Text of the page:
This incredible volcano located in the center of the island of Tenerife is great whether you're looking to take pictures, take a drive and appreciate the drastic change in flora from beach to mountain, or are more adventurous and are looking to go for a challenging hike.
The highest elevation in Spain and the islands of the Atlantic, Mount Teide is also the third largest volcano in the world from its base, after only Mauna Kea and Mauna Loa. An active volcano that last erupted in 1909, Mount Teide is surrounded by the Teide National Park. The park, which has an area of nearly 19,000 hectares, was named a World Heritage Site by UNESCO in mid-2007. That recognition helped to boost the allure of the park, which was also named one of the top twelve treasures of Spain after making the UNESCO list.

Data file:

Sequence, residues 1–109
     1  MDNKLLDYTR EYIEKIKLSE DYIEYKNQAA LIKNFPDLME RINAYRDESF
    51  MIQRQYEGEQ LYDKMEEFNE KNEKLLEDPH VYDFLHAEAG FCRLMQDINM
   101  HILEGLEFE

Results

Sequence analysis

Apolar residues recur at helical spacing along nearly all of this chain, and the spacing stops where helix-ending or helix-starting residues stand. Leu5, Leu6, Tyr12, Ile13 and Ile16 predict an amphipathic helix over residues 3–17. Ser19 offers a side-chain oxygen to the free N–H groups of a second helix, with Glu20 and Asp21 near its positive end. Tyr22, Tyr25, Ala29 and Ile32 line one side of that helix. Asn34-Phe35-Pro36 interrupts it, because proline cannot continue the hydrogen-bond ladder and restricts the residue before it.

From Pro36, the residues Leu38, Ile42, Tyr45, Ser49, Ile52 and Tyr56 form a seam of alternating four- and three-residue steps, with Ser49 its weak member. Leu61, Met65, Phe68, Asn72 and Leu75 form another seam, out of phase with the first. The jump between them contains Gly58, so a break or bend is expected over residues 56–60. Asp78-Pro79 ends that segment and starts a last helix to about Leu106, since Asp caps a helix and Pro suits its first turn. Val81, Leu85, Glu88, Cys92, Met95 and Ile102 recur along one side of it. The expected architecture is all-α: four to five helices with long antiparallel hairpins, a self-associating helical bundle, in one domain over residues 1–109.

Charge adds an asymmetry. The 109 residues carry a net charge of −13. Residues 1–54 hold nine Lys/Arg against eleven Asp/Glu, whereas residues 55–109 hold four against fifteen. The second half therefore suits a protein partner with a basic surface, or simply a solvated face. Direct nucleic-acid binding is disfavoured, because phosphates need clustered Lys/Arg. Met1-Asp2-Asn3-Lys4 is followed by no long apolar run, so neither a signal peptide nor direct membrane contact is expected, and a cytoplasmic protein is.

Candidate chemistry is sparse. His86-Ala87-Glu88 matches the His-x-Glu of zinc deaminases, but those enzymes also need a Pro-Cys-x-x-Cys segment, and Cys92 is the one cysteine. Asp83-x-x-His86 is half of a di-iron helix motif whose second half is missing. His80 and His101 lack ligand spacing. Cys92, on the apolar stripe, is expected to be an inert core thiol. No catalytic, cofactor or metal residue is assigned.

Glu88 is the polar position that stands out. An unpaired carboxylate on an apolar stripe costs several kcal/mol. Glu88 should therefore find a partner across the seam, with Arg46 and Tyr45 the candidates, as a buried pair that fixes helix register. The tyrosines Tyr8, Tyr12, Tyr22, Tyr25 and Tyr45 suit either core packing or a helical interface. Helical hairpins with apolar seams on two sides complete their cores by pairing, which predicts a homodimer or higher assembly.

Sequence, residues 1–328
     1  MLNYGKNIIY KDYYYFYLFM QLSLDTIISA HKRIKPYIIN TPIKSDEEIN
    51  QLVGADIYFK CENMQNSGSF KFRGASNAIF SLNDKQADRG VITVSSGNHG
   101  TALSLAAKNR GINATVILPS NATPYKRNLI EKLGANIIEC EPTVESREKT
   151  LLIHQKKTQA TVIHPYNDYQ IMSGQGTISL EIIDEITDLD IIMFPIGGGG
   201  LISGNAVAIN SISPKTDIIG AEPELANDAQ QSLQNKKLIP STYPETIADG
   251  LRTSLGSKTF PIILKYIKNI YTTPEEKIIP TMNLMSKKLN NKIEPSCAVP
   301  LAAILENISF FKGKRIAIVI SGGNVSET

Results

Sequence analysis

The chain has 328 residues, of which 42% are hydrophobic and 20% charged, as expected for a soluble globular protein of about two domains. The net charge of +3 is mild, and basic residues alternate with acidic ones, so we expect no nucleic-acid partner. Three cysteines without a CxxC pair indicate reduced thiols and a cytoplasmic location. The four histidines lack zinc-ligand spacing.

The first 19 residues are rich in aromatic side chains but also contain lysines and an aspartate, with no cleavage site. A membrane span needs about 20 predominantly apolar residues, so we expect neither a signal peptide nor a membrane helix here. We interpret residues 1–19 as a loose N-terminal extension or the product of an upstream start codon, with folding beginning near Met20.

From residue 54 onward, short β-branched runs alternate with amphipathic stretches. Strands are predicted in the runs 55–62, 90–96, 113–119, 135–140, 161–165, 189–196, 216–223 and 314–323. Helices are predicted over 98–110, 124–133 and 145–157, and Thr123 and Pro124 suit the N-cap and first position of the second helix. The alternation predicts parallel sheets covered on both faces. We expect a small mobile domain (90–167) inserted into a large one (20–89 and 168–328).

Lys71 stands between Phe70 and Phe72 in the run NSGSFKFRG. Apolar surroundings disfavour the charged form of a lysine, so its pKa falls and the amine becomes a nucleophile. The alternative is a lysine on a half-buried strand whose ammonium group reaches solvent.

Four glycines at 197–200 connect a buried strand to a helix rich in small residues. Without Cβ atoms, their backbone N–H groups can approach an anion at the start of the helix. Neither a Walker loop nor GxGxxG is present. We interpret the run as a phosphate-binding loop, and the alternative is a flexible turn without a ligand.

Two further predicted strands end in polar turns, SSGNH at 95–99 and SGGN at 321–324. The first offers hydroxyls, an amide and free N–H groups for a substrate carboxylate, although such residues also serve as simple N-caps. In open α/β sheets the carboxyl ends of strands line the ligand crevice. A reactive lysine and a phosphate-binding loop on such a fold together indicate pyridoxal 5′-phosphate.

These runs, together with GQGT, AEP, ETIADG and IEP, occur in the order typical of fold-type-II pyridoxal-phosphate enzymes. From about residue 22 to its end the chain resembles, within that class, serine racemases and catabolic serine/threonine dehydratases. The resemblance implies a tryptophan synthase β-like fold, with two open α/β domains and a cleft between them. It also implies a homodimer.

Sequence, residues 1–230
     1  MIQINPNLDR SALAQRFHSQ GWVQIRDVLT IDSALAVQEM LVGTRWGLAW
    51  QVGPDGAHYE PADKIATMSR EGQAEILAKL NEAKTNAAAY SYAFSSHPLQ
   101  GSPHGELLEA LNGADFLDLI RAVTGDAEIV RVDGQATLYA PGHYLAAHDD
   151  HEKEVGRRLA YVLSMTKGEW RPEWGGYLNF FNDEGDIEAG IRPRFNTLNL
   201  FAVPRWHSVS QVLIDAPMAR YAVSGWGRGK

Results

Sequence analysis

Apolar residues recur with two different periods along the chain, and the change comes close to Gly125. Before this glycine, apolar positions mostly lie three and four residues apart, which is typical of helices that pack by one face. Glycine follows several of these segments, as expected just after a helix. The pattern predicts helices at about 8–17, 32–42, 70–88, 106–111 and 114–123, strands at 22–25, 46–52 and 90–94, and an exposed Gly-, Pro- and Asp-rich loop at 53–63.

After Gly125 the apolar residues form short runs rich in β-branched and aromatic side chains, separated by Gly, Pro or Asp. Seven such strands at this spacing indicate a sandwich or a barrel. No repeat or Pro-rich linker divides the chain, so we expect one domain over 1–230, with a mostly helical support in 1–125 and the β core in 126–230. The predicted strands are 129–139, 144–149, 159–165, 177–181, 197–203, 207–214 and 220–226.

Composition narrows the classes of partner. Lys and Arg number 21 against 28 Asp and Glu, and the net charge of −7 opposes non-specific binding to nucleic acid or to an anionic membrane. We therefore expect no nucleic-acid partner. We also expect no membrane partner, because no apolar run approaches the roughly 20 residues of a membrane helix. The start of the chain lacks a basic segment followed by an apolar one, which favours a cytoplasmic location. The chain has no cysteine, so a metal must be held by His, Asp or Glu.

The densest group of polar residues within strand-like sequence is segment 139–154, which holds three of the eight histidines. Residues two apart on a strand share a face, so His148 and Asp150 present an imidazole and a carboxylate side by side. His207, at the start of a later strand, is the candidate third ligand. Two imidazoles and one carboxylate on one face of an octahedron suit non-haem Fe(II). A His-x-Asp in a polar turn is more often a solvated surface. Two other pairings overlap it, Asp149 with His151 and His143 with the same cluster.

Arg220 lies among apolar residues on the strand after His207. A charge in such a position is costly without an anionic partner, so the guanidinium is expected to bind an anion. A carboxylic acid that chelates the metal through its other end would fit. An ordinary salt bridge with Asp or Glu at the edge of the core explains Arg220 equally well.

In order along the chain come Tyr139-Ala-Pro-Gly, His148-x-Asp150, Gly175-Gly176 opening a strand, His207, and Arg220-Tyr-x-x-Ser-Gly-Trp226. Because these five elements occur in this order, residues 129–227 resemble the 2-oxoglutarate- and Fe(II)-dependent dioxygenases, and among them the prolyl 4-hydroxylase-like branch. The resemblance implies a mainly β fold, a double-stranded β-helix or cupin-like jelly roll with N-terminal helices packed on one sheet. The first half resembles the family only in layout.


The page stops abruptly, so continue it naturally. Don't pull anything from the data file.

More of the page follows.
The most visited national park in the Canary Islands and Spain, Teide hosts close to three million visitors. In 2010, Teide was also the most visited national park in all of Europe and second most visited worldwide.
A sacred mountain to the aboriginal Guanches, Mount Teide was long considered a mythological mountain. It's hard to overstate how important this geological wonder was to the native people; it was held in regard similar to that of Mount Olympus by the ancient Greeks. According to the aboriginal legend, the devil kidnapped Magec, the god of light and the sun. The devil imprisoned the god inside of the volcano, a world of darkness and fire, similar to many religious visions of hell. The supreme god of the Guanches fought the devil and plugged the volcano after freeing Magec. Today, some still believe that the devil is living deep inside of the mountain.
The aboriginal Guanches also believed that Mount Teide was responsible for holding up the sky. Archeologists, over the years, have found many tools and pottery crafted from stone and other natural products. It is thought that these tools were built by the Guanches and offered to the mountain to counter the influence of evil spirits.